A friend was telling me about her divorce, a painful separation. Her husband had fallen in love with a younger woman at work, and suddenly announced he was leaving to live with the other woman. Months of bitter wrangling over house, money, and custody of the children followed. Now, some months later, she was saying that her independence was appealing to her, that she was happy to be on her own. "I just don't think about him anymore—I really don't care," she said. But as she said it, her eyes momentarily welled up with tears.
That moment of teary eyes could easily pass unnoted. But the empathic understanding that someone's watering eyes means she is sad despite her words to the contrary is an act of comprehending just as surely as is distilling meaning from words on a printed page. One is an act of the emotional mind, the other of the rational mind. In a very real sense we have two minds, one that thinks and one that feels.
These two fundamentally different ways of knowing interact to construct our mental life. One, the rational mind, is the mode of comprehension we are typically conscious of: more prominent in awareness, thoughtful, able to ponder and reflect. But alongside that there is another system of knowing: impulsive and powerful, if sometimes illogical—the emotional mind. (For a more detailed description of the characteristics of the emotional mind, see Appendix B.)
The emotional/rational dichotomy approximates the folk (distinction between "heart" and "head"; knowing something is right "in your heart" is a different order of conviction—somehow a deeper kind of certainty—than thinking so with your rational mind. There is a steady gradient in the ratio of rational-to-emotional control over the mind; the more intense the feeling, the more dominant the emotional mind becomes—and the more ineffectual the rational. This is an arrangement that seems to stem from eons of evolutionary advantage to having emotions and intuitions guide our instantaneous response in situations where our lives are in peril—and where pausing to think over what to do could cost us our lives.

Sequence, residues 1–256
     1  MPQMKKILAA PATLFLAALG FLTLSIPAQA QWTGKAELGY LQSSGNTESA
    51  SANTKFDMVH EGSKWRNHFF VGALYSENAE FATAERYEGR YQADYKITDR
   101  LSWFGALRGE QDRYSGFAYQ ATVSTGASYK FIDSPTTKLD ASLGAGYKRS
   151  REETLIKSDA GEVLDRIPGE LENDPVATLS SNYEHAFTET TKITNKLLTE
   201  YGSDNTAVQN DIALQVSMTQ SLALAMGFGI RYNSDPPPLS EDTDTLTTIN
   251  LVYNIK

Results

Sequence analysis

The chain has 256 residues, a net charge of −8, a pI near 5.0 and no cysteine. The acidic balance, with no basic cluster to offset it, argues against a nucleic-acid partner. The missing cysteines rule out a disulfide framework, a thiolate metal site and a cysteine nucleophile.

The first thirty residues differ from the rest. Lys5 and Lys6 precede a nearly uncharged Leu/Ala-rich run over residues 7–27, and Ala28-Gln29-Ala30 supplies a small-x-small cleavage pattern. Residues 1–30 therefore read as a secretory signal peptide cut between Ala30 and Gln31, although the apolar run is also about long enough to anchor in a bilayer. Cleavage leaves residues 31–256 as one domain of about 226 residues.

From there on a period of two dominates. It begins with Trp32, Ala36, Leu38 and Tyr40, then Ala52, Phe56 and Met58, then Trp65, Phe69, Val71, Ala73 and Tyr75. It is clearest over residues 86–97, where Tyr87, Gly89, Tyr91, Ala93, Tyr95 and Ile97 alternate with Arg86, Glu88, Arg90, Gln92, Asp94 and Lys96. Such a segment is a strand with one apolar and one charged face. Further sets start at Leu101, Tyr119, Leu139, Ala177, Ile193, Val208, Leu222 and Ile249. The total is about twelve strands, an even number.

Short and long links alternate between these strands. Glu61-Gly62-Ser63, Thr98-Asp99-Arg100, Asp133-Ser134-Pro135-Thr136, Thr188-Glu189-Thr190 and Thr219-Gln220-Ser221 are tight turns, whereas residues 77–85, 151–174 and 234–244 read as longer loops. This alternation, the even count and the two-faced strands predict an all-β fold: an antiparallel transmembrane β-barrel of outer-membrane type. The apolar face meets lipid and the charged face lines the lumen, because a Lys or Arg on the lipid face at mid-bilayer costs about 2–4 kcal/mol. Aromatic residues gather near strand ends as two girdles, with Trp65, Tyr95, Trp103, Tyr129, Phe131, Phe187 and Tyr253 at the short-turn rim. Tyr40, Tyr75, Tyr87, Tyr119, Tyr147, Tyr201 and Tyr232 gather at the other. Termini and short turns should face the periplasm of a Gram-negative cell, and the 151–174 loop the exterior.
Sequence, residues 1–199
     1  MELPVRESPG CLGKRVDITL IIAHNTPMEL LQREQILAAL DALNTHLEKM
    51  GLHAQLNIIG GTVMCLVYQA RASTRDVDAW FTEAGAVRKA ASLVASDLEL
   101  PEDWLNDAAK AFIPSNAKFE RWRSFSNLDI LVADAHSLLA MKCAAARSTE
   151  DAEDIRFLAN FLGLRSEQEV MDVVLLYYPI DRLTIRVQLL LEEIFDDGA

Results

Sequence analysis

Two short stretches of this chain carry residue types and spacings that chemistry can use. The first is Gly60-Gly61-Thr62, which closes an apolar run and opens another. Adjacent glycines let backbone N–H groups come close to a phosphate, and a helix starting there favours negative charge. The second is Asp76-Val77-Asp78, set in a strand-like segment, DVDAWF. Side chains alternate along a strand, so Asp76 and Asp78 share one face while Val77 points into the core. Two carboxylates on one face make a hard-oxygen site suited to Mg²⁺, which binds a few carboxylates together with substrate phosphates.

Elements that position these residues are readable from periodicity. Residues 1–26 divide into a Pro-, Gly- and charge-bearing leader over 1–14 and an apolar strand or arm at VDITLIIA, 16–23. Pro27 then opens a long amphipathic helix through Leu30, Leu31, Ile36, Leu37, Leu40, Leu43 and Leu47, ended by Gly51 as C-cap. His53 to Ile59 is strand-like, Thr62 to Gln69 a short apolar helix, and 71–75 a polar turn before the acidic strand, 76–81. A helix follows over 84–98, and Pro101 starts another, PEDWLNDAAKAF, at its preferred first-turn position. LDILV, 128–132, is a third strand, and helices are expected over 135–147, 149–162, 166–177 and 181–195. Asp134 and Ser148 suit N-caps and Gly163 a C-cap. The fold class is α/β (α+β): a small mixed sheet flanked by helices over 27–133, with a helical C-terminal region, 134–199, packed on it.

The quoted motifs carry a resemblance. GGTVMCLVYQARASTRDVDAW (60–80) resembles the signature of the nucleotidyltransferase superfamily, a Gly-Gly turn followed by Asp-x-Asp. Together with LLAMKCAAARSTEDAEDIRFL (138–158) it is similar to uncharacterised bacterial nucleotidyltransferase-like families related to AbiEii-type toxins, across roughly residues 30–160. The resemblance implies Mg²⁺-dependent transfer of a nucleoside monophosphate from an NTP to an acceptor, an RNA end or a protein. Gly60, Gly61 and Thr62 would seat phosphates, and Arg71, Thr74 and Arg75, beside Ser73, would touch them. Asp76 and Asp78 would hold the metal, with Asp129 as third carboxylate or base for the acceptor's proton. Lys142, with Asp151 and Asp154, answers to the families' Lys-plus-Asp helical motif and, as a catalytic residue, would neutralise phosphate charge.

These two minds, the emotional and the rational, operate in tight harmony for the most part, intertwining their very different ways of knowing to guide us through the world. Ordinarily there is a balance between emotional and rational minds, with emotion feeding into and informing the operations of the rational mind, and the rational mind refining and sometimes vetoing the inputs of the emotions. Still, the emotional and rational minds are semi-independent faculties, each, as we shall see, reflecting the operation of distinct, but interconnected, circuitry in the brain.
In many or most moments these minds are exquisitely coordinated; feelings are essential to thought, thought to feeling. But when passions surge the balance tips: it is the emotional mind that captures the upper hand, swamping the rational mind. The sixteenth-century humanist Erasmus of Rotterdam wrote in a satirical vein of this perennial tension between reason and emotion:
Jupiter has bestowed far more passion than reason—you could calculate the ratio as 24 to one. He set up two raging tyrants in opposition to Reason's solitary power: anger and lust. How far Reason can prevail against the combined forces of these two the common life of man makes quite clear. Reason does the only thing she can and shouts herself hoarse, repeating formulas of virtue, while the other two bid her go hang herself, and are increasingly noisy and offensive, until at last their Ruler is exhausted, gives up, and surrenders.